In one of my previous articles I wrote about shooting with intention for B&W (tip number 6), and not merely looking at your photos and trying to convert them to B&W to see if that looks good. Now I would like to add the concept “seeing in black and white”. It comes to you when you shoot a lot of b&w images – you then gain the ability to look at your composition and in your mind see how it would look in b&w. Sometimes, the weather is such that you don’t need this ability – the colors are simply black (dark gray) and white (light gray), but on other occasions the sky may be blue with white clouds and everything around you so colorful that imagining how it would look in b&w would be difficult. This is when the “seeing in black and white” skill comes handy.

Click on the photo to enlarge.

Sometimes the scene itself calls for b&w, as it was with this garden statue. This woman was standing in this garden for a long time and her skin turned from pearl white to muddy gray, the same happened to the color of the fence, and in any case the emphasis here is not on the color.

Click on the photo to enlarge.

Black and white in photography often helps to convey mood, and emphasize shapes and textures.

Click on the photo to enlarge.

Here is another example of emphasizing shapes by shooting in black ans white.

Click on the photo to enlarge.

Did I mention mood already? I just love it when the sky looks like it is going to rain any minute, and light is dim. These minutes before the rain are great for capturing photos such as this one. I wish there would be a bird sitting on the hanger at the foreground though…

Click on the photo to enlarge.

I hope you liked the photographs, and I’ll see you next time!

As always your comments, thoughts, and experiences are highly appreciated.


Hipstamatic – My Preferred iPhone Camera App

I should have written this post a long time ago, as I’ve been using Hipstamatic ever since I got my iPhone. First of all I must say that I am not affiliated with the creators of this app in any way, I simply love this app!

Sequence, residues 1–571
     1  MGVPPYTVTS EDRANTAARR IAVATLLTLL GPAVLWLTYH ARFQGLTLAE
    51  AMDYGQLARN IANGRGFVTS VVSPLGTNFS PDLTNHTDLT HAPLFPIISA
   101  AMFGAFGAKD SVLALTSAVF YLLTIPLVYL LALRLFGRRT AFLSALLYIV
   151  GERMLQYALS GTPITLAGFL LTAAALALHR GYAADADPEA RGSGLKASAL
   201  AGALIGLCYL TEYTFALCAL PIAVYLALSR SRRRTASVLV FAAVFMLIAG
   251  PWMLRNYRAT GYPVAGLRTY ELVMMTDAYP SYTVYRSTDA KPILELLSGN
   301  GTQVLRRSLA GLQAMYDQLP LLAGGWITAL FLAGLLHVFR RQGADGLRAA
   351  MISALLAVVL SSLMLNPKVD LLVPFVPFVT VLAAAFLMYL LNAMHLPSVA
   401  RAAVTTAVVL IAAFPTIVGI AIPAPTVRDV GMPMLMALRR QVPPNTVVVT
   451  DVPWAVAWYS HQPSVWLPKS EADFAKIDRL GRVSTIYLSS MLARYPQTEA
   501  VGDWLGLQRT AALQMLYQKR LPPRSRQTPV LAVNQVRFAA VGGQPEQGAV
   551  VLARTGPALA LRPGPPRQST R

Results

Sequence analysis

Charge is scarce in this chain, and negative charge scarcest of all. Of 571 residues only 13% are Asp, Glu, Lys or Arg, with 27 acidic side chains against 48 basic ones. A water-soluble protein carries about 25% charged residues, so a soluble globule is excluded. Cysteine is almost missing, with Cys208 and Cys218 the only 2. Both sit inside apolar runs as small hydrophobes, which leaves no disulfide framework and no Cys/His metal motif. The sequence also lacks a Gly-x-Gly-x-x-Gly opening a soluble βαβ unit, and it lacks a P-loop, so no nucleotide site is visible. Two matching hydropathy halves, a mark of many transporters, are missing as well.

Wine Glass
So what is it? Simply put “Hipstamatic” is an alternative app to iPhone’s native camera application. It is very different though. This app attempts to emulate the ancient plastic film cameras in a very realistic way. Its creators put a lot of thought in the design and functionality of this app, and they keep improving it. Since this app emulates film camera, it has a virtual film loaded into it, and the great thing about it is that you can change this film. For example they have different types of B&W films. But it is not all – you can also swap virtual lenses on the Hipstamatic camera, each lens creating a different effect in the resulting photograph, and you also can swap flashes!

Coca Cola Bottles

Even though all these features are virtual, their effect on the final photograph is very real, and I find it very interesting. There are many combinations of flash/lens/film that you can use to achieve the look that you want.
Candle Light
Currently you can purchase this app from the Apple Store for $1.99 ($2.49 in Australia), and it comes with basic set of lenses and films. Then you can purchase additional “Hipstapacks” (packages of lens+film) from inside the application.

Evil Light

Though I found a few combinations of lenses and films that I particularly like, and have been using them a lot for my daily photo section, I still have tons of fun playing with different combinations creating different new looks for my photos.


If photography is your hobby, passion, or you just like playing with your iPhone, I highly recommend this app. In my opinion it worth every penny.

Till the next time, take care!


Using Flash When Shooting Sunsets

You might think I’m going a little bit crazy here, but hey, don’t make any rushed judgments!